Thu Aug 13 19:49:10 PDT 2015

A Simple, Battery-Free, LED Flasher that Works Forever

My Infini-Flasher (in its stylish cassette case) (click to enlarge)
(My Infini-Flasher (in its stylish cassette case))
 

Are you interested in about making an electronic device which does something (slightly) useful, doesn't require an external power supply, and might last longer than you? I found this proposition enticing, and so, inspired by Kevin Horton's Infini-Flasher, I had a go at making my own version of Kevin's cunning device.

I firstly put together the components using a simple breadboard and found that I needed to make some changes to the component values listed in Kevin's design. I suspect that this is simply a result of using different transistor types. (This type of oscillator is fussy).

The changes simplified Kevin's circuit slightly, I omitted a pair of diodes, which are only needed if the supply voltage is high (I think), and changed the ordering of the NPN and PNP transistors. I also found that it was important to use a suitable value for the limiting resistor, between the super capacitor and the flasher circuit. I started out with 100k here, as in Kevin's circuit, but found that the circuit would not start to flash as the leakage through the flasher circuit was too high to allow the flasher circuit to reach a high enough value to actually start flashing. Clearly the circuit is a little sensitive to component tolerances. I recommend that you put together your circuit using a breadboard first, then solder everything together once you are sure that the component values are satisfactory.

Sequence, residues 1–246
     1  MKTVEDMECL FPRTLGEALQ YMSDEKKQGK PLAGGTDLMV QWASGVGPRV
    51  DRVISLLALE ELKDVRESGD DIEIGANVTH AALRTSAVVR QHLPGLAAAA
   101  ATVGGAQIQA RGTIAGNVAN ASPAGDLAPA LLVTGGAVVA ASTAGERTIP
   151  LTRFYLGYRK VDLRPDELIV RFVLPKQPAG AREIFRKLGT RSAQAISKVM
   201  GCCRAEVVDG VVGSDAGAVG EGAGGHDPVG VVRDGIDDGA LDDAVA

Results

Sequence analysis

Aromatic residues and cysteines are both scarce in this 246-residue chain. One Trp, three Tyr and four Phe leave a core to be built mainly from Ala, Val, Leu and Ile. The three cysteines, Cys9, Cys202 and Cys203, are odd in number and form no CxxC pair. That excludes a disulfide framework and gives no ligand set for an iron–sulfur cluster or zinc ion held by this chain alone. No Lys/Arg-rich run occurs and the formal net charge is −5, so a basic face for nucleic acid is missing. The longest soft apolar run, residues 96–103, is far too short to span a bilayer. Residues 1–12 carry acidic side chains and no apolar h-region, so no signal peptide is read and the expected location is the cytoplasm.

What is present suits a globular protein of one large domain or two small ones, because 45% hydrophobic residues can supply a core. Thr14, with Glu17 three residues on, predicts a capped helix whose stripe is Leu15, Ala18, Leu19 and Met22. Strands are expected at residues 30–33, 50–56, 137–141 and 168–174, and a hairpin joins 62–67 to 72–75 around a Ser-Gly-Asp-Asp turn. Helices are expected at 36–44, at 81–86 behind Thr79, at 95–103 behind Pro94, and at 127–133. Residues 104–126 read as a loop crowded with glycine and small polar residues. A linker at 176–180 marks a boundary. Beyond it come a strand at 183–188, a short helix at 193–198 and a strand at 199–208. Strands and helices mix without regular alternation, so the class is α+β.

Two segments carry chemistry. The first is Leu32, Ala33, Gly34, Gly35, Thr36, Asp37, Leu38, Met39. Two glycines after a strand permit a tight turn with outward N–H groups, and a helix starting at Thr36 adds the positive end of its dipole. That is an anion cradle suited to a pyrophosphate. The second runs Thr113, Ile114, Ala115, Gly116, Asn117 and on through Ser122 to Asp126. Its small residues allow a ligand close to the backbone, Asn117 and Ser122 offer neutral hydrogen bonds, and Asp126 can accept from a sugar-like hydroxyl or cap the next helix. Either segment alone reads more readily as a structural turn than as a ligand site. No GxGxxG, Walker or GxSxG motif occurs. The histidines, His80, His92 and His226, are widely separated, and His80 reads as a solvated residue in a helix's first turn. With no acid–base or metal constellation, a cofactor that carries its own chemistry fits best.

This oscillator circuit works well for this application, as we want a very short duration of current usage, so that the relatively small amount of charge available from the capacitors lasts as long as possible. A simulation of the circuit shows that the on condition for the output transistor is very brief. This provides a brief spike of power to the inductor and in turn flashes the LED. As human eyes are very sensitive to short pulses of light (through having evolved to avoid the glinting teeth of sabre tooth tigers) this provides the most electrically economical means to light the LED. Even if the pulses were longer, the human eye would not appreciate the large expenditure of power that much.

Here (below) is the circuit diagram. Be warned that this battery free flasher is fascinating! The super capacitor (1F on the diagram) charges up from the solar solar cells in about 30 minutes under a lamp, or quite happily during the hours of daylight on a desk. When the voltage supplied to the flasher circuit reaches about 1.5 volts, the LED starts flashing. The current consumption is around 10 microamps, so the charge in the super capacitor lasts a long time, certainly more than a typical night time. So far my version has been flashing away happily on my desk for about a month. It should last as long as the electrolytic capacitors that it contains - that should be at least 20 years - or perhaps longer...

The Infini-Flasher Schematic (click to enlarge)
(The Infini-Flasher Schematic)
 

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Posted by ZFS | Permanent link | File under: electronics
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